I read the New York Times which presumably allows you to subscribe via the app, but I log in via my account since I have a direct relationship with them. I read the Financial Times, and they didn’t want to play by the App Store rules – they’re a full-featured HTML5 application.

Maybe Spotify should take heed from the FT and invest further in play.spotify.com? (The spec obviously support it, since Rdio had a browser based interface before Spotify did; I don’t know the status of how mobile browsers handle it.)

Shorter cables

I travel a lot and I one of the things I constantly do is refine what goes into my backpack (and luggage). For this trip, I decided to add a refinement — reduce cable clutter.

Apple gives you 1m USB to Lightning cables when you buy the iPhone or iPad. Its nice, but folding this all is quite a burden even when I have a cord pouch to organise it all. For almost a year now, I’ve had to carry an Apple Watch charger as well.

So why not get shorter cables? Apple makes 0.5m USB to Lightning cables which are much shorter and are all I need. After all, I’m charging on the desk with an Anker 5-port USB charger. Apple decided against making a 0.5m Apple Watch charger, so I’ve settled on the 1m Apple Watch Magnetic Charging Cable.

This is a good setup. I’m saving space when it comes to folding cables. The desk looks neater no matter where I am. I found one caveat though – the 0.5m USB to Lightning cable might not be long enough for you to charge your device on a plane. For this, I still have a spare 1m cable that is attached to my powerbank.

Learnings from Swift becoming opensource

Swift is now opensource, and it’s interesting to see Craig Federighi talk about it. This is Apple doing right, considering FaceTime is long overdue to being an open standard. People are nitpicking on Apple’s Open Source tagline, but really, this is akin to nitpicking on Mark Zuckerberg donating 99% of his Facebook stock to his new limited liability corporation charity (key: don’t look a gift horse in the mouth).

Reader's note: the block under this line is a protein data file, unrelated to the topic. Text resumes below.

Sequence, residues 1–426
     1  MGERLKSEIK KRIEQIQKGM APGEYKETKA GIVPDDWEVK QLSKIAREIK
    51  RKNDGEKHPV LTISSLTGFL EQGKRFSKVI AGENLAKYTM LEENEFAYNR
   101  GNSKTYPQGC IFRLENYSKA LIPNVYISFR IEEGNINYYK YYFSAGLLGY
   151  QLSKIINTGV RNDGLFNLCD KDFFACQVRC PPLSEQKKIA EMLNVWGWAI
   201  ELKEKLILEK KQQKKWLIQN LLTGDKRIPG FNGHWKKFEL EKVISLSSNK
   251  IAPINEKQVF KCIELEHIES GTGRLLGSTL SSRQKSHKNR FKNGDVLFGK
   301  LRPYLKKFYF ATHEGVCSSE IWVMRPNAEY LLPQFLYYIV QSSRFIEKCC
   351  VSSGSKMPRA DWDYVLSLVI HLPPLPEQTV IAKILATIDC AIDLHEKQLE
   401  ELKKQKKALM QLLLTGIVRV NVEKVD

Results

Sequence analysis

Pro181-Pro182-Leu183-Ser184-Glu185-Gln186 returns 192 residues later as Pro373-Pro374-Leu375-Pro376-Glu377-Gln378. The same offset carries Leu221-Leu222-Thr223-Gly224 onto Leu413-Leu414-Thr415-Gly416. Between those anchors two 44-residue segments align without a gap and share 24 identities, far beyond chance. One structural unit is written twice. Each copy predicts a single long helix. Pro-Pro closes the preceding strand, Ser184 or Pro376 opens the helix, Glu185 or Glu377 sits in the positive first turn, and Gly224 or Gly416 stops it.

Apple has chosen to put Swift on Github, and they’ve ensured that it wasn’t just an initial commit, but you’re seeing a lot of history. And it’s the right choice clearly, for engagement — 1,275 watching, 18,884 stars, 2,139 forks, 51 pull requests currently, but most interestingly a lot of accepted code. Even simple things along the lines of “fixing typos” (see commits, eg. d029f7e5ae84cf8f6c12907f9ed0ac0a694881aa, e8b06575d26a684f415af95143ec576a6aa5168d, etc.). 

Swift has open source documentation — like all good open source projects are supposed to have. They use Sphinx and its in the source tree. This is something I’d wish to see from MySQL (docs copyright Oracle, online, but you can take it offline too via PDF) or MariaDB (friendly licensed Knowledge Base), but so far only Percona Server has gotten this right.

What else did Swift do right? Focus on user contributions — the Contributing page is a breath of fresh air. And don’t forget the code of conduct for participating in the project.

But besides just the documentation and contribution pages, I learned something new from one commit in particular — the existence of nproc, part of coreutils. I immediately hopped onto IRC to chat with Nirbhay (our resident MariaDB Galera Cluster expert), because in scripts/wsrep_sst_xtrabackup.sh, we do this via a get_proc() function. We should be focusing on modernising/standardising our codebase, shouldn’t we?

There is a lot we at MariaDB Corporation and the MariaDB Foundation can learn from Swift being opensource and how Apple deals with the community at large. Here’s hoping we get the best practices from it and implement it in due time.

Hello Applebot

Saw lots of this in the access logs:

17.142.151.101 - - [08/May/2015:10:37:27 -0700] "GET /blog/archives/2015/02/03/here-and-defending-your-trademarks HTTP/1.1" 200 12324 "-" "Mozilla/5.0 (Macintosh; Intel Mac OS X 10_10_1) AppleWebKit/600.2.5 (KHTML, like Gecko) Version/8.0.2 Safari/600.2.5 (Applebot/0.1; +http://www.apple.com/go/applebot)"

So its real — there is an Applebot, and it’s written in Go. Apple also has documentation about it now. And of course, you can read Gruber’s piece. Would be nice to find out ways to feed more info to Siri (I mean, it doesn’t work as well as when its in the USA…).